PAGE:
About 74 miles (120 kilometers) south east of Brisbane, is a little town by the name of Tumbulgum. While the town itself has a few buildings consisting of hotel, news agency, post office, cafes, restaurants and an antiques store, it is also home to the Husk Distillery.
Husk Distillery is located on a 150 acre farmland nestled in the deepest caldera in the Southern Hemisphere. It is a family run distillery, producing rum using the French style or Rhum Agricole approach. While Rhum Agricole was the distillery's primary focus, since then it has also been producing a unique form of gin called Ink Gin.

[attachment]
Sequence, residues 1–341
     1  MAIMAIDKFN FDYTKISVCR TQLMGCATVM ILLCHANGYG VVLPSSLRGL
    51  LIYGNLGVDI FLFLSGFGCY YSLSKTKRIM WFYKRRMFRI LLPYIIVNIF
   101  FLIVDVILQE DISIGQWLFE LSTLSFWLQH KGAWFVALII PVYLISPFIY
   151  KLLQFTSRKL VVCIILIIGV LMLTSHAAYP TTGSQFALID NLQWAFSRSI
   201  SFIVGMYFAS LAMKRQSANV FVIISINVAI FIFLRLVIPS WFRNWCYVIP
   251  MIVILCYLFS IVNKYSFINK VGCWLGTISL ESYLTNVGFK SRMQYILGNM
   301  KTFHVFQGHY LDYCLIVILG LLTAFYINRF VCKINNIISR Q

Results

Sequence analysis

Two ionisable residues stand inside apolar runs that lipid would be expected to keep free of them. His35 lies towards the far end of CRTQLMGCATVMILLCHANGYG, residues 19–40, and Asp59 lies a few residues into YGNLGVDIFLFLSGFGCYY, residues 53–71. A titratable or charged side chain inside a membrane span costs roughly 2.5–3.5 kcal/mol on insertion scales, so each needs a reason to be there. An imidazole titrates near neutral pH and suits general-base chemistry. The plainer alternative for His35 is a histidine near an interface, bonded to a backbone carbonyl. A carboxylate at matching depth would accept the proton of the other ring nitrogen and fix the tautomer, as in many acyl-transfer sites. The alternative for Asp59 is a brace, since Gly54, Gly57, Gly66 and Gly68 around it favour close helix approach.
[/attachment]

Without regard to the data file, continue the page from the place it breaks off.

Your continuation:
Ink Gin is a premium dry gin made with 13 organic botanicals, including a mix of traditional and Australian natives. Like all true gins, juniper berries are the largest botanical component, however the defining character of Ink Gin comes from the second tier botanicals led by locally grown lemon myrtle leaf, coriander seed, Tasmanian pepper berry and freshly peeled sundried sweet orange peel. The third group of minor botanicals include elderflower, cinnamon, cardamom, angelica root, oris root, licorice root and lemon peel. Like a pinch of salt, these minor ingredients are critical to the end result adding perfume, body and balance. The final ingredient is added in a post-distillation infusion. The specially prepared petals of the butterfly pea flower are steeped in the still for twenty-four hours to give Ink Gin its distinctive colour. Butterfly pea flowers are highly sensitive to pH. When the floral-infused Ink Gin is mixed with something of low pH (including gin's best friends; tonic water, lime or lemon), the colour changes dramatically from blue to blush pink. Not magic – just science. (source)